A motion that would have made it mandatory for development approvals to include affordable housing has been voted down at ALGA’s National General Assembly.
The motion called for a national response to housing issues incorporating all levels of government, including “mandatory controls in planning schemes in the form of inclusionary zoning to require affordable housing contributions as part of private development”.
The motion, put forward by Melbourne’s Darebin City Council, said Australia has faced a structural affordability problem for the last 60 years in which the cost of housing has outstripped wages.
Capital cities, particularly Sydney and Melbourne, had been “acutely” impacted by a lack of investment in affordable housing, and in Victoria 80,000 people were waiting for subsidised housing.
The motion was the subject of lengthy debate and a failed attempt to remove the term “mandatory” before it was defeated 116 votes to 85.
It was the only motion to be voted down among the more than 120 debated during the three day annual gathering of local councils in Canberra over June 16-19.
Inclusionary zoning ‘critical’
“It’s absolutely critical that local governments have the ability to designate parts of their community in partnership with the state government and federal governments for these kind of mandatory inclusionary zoning projects,” Darebin councillor Trent McCarthy argued in moving the motion.
However, a number of councils spoke against the motion, including Brisbane, which said mandating inclusionary zoning would leave councils bearing the costs, public responsibility and fallout.
“Our experience in Queensland is when you start to get state governments mandating to local governments, or trying to push down what is their fundamental responsibility … it means that we as local councils ultimately bear the brunt. Mandatory things very often don’t work,” Brisbane City Council City Planning Chair Matthew Bourke argued. “Councils are going to be the ones that have to implement it but I bet you we won’t be the ones to write it.”
The motion was also opposed by Mildura City Council, which said mandatory controls would drive up house prices, and Grampians Shire, which argued it would stifle development.
“We want to see growth and its not one size fits all,” the Grampians delegate said. “It might work in metropolitan areas … but being mandated means we have to do it whether we like it or not and it will be a disincentive for investors”.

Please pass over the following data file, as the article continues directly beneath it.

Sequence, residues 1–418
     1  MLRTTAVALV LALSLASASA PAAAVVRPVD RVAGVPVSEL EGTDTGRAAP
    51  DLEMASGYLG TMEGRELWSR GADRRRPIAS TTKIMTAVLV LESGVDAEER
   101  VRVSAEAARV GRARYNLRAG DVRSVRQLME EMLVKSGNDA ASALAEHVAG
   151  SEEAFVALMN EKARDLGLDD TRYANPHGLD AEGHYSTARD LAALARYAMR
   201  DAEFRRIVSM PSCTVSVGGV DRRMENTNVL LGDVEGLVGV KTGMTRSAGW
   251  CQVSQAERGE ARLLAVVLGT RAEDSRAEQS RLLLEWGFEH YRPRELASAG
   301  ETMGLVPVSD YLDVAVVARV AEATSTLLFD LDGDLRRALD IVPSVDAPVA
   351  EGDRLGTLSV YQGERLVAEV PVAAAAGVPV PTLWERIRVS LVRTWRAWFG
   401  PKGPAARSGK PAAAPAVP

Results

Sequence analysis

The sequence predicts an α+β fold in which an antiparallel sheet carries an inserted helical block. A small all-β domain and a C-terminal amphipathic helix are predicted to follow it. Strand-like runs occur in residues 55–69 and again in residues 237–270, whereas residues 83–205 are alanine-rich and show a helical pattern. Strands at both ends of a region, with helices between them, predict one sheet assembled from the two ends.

However the motion attracted support from a number of councils, including Byron Shire.
The Byron Shire delegate said the shire had recently beaten Sydney in the highest median house price and without enforcing developers to include more affordable options “it just won’t happen”.
Cr McCarthy said he was disappointed the motion had been shot down but he welcomed the debate. Those who voted “no” had probably failed to understand how the policy would have been implemented, he said.
“It’s very clear to anyone in the planning space that mandatory controls for inclusionary zoning wouldn’t be a blanket approach, they’d be an approach that’s appropriate to each local government area” he told Government News after the vote.
“For most of us in inner Melbourne who are dealing with gentrification and rapid development, we want to make sure there’s a dividend for lower income people so they can continue to live in our communities.
“For us, the only way you get that change is actually by making it mandatory for all developers, so that those who are doing the right thing and are including those affordable housing units can actually compete on a level playing field.”
Affordable housing crisis
The issue of affordable housing was a key theme at this year’s NGA with several sessions devoted to thrashing the problem out.
Professor Andrew Beer from UniSA told the conference the current housing crisis was forcing local governments to confront the problem of affordable housing in unprecedented ways.
In many local government areas councils were providing services that were supporting people to get into housing – by supporting community organisations, through the supply and zoning of land, by engaging with other tiers of government for funding or through the DA and planning process, he said.
“These are new times in the relationship between local government and housing in Australia,” he told the conference. “Many local governments are actually taking on responsibility in terms of housing that are a response to the housing crisis.
“Local government is actually central to the whole provision of housing, and in providing support to people who live in housing, and that is something that hasn’t been acknowledged in the broader Australian community.”
Robert Spivak, housing development officer for City of Port Phillip, said councils need to work with developers. He said Port Phillip was a member of the Inner Melbourne Action Plan, which is working with the private sector to provide affordable housing voluntarily through planning agreements.
Meanwhile UTS researcher Lenka Thompson said of 178 councils who responded to a survey on housing policy, 55 per cent said they didn’t have a housing policy or strategy. However she also found some innovative approaches to address the problem, including:
- Making affordable housing conditional on land sales
- Gifting land for social housing projects
- Land swaps with private owners
- Conversion of ageing assests, such as community halls, into affordable housing
- Establishing an NFP tasked with delivering affordable housing
- Transferal of airspace above parking lots for social housing
“Local government I believe does have a role to play in this space,” Ms Thompson said. “The conversation about how housing and local government interact is changing. The crisis is on your doorstep.”
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